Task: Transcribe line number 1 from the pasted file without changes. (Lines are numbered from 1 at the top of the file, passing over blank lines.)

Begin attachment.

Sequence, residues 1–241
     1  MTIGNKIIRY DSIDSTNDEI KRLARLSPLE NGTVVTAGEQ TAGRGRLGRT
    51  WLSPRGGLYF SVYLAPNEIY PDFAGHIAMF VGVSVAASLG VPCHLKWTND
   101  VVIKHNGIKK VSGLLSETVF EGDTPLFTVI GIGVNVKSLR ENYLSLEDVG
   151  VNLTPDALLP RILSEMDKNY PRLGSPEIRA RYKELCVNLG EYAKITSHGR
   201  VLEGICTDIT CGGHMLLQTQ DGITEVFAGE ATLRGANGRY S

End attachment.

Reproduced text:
Sequence, residues 1–241